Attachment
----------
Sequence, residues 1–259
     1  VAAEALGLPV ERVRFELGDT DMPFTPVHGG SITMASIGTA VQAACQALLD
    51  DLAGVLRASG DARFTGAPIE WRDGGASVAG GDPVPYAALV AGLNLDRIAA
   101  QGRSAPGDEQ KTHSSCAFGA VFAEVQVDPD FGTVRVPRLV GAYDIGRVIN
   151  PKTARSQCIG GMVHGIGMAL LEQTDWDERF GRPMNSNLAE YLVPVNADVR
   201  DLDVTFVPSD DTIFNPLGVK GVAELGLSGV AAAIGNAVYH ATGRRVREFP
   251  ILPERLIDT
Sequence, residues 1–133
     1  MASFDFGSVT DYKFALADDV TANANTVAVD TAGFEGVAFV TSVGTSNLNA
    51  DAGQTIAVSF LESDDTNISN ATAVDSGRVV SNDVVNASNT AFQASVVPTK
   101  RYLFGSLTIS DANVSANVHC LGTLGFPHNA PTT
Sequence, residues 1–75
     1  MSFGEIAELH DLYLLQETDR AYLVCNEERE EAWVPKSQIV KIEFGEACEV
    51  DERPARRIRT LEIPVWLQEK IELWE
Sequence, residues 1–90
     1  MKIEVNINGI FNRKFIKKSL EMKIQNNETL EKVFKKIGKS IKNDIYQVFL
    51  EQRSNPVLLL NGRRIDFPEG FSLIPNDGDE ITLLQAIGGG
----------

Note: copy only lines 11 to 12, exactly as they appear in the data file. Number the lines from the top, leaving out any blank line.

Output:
   101  RYLFGSLTIS DANVSANVHC LGTLGFPHNA PTT
Sequence, residues 1–75